How We Used Writing Through Medieval History

Since we have previously reviewed Writing Through Modern History, I knew that the suggested schedule didn’t really work for us, so I decided to try a different way.  While this is a writing program, we used it as a history supplement. Of course, AJ is still getting the benefits of the different writing elements while we learn history.

Each week I looked over the topics that we were studying in history to see if there were any narrations or primary source documents about any of the thing we were learning. One week in history we were learning the very basics about the Justinian Code. Her regular curriculum glossed over the subject, but I found both a historical narrative and a primary source document about Justinian the Great.

The first day I had AJ read the historical narrative about Justinian the Great. Then she narrated about the reading. She has a little trouble retelling what she reads, so this was good practice. After she was finished she did a written narration. The next few days AJ and I read through the Justinian Code, it was a long document so it took quite a while. Each day she read a little bit and then did some copywork.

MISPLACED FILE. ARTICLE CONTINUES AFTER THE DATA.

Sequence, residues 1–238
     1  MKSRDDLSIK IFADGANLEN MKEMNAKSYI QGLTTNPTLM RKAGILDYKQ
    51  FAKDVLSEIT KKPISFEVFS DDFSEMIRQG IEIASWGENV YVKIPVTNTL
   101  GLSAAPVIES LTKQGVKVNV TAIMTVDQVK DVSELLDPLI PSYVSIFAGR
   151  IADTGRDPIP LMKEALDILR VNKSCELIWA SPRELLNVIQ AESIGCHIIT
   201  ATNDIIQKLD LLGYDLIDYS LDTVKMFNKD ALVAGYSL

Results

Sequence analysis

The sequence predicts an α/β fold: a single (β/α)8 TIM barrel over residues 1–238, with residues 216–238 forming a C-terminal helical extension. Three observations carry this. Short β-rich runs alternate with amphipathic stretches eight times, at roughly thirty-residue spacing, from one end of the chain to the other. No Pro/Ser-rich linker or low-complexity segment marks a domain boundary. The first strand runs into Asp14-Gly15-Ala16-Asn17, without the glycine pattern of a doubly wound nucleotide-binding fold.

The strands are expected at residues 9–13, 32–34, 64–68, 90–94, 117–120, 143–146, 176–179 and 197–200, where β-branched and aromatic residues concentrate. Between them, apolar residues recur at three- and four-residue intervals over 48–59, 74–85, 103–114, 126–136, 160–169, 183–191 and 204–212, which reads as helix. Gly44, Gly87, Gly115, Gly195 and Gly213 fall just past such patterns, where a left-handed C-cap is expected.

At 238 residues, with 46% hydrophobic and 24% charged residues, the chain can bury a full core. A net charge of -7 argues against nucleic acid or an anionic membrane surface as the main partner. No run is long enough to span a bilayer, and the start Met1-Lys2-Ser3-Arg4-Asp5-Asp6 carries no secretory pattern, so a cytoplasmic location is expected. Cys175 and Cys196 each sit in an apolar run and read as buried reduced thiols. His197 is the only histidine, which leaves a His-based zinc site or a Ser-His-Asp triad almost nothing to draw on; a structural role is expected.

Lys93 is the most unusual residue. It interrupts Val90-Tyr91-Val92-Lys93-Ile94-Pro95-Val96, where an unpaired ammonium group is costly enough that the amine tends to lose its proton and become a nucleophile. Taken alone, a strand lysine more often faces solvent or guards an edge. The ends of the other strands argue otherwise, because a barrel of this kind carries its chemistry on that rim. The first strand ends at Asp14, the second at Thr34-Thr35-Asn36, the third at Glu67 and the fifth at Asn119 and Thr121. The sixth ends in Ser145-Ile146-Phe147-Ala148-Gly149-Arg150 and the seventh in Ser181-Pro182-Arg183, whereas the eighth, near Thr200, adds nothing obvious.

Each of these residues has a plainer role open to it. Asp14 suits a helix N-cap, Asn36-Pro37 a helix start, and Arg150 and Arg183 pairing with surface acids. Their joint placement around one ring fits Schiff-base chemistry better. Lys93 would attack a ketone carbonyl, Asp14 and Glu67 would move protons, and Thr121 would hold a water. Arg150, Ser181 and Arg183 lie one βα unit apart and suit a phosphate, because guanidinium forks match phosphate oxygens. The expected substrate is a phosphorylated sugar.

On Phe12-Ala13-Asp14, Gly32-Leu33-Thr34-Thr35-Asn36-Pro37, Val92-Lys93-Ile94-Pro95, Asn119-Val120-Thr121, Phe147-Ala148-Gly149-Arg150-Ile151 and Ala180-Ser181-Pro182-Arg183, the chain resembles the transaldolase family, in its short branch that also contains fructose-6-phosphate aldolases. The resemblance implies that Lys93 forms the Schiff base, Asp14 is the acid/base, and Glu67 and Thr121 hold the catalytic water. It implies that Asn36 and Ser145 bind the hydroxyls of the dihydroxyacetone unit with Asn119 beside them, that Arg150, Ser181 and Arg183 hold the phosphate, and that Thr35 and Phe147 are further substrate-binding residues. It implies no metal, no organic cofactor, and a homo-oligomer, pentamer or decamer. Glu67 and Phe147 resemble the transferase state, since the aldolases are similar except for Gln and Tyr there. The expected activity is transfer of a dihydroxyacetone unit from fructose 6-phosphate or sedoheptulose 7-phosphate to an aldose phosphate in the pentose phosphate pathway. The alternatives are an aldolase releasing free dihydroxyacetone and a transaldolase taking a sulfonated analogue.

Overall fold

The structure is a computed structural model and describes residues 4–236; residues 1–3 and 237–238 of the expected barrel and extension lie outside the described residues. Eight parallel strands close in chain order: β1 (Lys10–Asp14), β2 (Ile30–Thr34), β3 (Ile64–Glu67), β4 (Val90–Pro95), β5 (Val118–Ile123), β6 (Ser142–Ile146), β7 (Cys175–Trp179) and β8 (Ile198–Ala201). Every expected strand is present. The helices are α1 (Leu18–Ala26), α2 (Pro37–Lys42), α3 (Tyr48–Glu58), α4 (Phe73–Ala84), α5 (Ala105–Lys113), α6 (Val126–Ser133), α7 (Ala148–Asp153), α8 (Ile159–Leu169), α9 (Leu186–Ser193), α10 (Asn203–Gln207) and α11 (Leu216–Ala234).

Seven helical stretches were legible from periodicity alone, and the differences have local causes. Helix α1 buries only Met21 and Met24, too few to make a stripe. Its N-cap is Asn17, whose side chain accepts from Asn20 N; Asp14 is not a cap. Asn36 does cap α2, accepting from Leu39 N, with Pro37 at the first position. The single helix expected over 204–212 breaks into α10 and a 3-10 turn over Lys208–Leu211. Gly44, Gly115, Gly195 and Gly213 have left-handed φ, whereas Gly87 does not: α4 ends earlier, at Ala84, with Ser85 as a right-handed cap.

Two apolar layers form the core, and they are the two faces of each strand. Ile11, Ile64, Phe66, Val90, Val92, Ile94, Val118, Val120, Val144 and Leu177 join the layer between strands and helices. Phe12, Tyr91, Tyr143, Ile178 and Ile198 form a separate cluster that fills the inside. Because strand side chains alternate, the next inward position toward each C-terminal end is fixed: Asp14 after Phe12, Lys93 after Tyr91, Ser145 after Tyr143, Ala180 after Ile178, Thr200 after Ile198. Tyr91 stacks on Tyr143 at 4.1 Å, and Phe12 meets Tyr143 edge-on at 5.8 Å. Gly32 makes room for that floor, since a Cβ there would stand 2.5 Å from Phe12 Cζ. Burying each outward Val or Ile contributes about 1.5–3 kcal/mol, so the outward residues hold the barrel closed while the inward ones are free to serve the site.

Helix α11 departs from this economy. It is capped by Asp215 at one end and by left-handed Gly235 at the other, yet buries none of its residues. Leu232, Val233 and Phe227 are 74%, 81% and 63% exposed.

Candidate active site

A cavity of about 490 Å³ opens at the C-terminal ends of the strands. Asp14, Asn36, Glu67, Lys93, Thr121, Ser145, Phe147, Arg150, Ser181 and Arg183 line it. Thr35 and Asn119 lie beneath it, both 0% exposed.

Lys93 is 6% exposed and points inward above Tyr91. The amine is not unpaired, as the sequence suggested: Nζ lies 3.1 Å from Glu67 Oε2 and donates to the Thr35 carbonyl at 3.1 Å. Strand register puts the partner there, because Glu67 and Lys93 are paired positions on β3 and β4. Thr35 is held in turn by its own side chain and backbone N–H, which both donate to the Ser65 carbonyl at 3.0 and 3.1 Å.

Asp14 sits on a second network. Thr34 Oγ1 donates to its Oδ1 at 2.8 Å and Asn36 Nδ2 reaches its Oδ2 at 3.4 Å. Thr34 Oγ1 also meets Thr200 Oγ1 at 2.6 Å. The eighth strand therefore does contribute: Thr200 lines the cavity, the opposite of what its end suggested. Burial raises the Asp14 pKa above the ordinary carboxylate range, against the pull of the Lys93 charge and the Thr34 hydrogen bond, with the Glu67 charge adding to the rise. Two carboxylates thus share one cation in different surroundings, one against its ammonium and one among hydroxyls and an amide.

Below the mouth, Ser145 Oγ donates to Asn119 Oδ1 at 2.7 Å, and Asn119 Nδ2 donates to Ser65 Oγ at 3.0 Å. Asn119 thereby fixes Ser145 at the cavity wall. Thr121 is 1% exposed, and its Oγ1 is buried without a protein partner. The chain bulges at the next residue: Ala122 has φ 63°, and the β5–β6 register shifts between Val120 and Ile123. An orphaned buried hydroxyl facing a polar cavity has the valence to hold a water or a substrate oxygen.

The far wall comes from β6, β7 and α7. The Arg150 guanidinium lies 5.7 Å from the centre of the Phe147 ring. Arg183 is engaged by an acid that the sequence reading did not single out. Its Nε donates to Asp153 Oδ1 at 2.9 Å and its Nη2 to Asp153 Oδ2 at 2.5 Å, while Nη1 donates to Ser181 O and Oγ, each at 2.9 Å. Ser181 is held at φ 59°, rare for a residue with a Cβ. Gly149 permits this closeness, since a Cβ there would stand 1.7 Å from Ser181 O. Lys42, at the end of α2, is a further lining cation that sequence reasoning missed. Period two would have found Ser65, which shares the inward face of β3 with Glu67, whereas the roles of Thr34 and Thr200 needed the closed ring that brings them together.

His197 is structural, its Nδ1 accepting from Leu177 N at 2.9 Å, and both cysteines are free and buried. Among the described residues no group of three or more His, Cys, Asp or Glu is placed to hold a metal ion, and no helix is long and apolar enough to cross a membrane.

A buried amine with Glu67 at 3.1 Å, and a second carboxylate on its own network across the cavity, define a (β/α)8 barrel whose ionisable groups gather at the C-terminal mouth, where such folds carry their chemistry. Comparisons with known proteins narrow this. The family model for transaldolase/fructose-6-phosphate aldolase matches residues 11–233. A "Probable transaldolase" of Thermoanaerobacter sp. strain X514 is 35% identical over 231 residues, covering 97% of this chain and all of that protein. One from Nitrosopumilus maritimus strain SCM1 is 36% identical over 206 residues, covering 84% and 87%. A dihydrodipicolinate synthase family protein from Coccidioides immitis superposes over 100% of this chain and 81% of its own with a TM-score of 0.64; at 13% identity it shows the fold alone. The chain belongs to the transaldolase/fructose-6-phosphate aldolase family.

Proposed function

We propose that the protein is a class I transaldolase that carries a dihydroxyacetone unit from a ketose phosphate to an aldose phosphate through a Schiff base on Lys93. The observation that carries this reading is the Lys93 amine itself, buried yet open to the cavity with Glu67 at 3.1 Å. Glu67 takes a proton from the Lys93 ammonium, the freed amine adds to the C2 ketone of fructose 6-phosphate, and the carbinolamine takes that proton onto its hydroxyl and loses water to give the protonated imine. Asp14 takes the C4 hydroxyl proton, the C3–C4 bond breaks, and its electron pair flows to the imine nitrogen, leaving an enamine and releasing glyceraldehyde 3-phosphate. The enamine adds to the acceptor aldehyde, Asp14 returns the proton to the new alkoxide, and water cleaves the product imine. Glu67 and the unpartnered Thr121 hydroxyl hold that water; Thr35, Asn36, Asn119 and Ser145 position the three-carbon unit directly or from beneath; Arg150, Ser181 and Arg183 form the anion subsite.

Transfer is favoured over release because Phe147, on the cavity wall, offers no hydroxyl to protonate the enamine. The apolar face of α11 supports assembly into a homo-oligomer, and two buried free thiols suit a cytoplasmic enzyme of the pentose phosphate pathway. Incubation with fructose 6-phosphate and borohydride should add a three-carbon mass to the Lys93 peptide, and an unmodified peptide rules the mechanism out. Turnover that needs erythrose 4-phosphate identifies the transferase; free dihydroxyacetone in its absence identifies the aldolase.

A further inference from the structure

The grammar element is added by marking the parts of speech after copywork and dictation. AJ has the hardest time picking out each part of speech in a sentence, so each day we focused on a single part of speech.

She worked on copywork, dictation, and narration about Justinian the Great and the Justinian Code for about two weeks. By the time she was done, she had a very good grasp on the concept.

When there wasn’t a historical narrative or primary source that fit our current historical studies, then we would work on a poetry selection or a myth. AJ enjoyed reading about the different myths. Some of the poetry she enjoyed and others she didn’t understand very well. After each selection she would do dictation, narration, and copywork.

It is hard to say how long each lesson took. The writing, copywork and dictation exercises took about twenty minutes to complete, but the reading time varied depending on the document.

What We Thought About Writing Through Medieval History

AJ doesn’t love dictation, and some days she felt there was too much reading, but overall she likes it. I think it is a wonderful book. And plan on using it as a supplement throughout the year. Honestly, if you have a child around fourth grade, I think Writing Through Medieval History (or any time period) could be the backbone of their curriculum. In one book your child learns a great deal of history. There is reading practice that is fiction, nonfiction, and poetry. With a few supplemental books from the library, this could cover history and all of language arts.

The only thing I didn’t care for was the large amount of printing, but as I have said before, I prefer physical books. If you are looking for a Charlotte Mason approach, then I highly recommend this series.

Click here to see other reviews I have done for Brookdale House.

Members of the Schoolhouse Review Crew reviewed a lot of different products from Brookdale House. Click on the graphic below to see what they thought.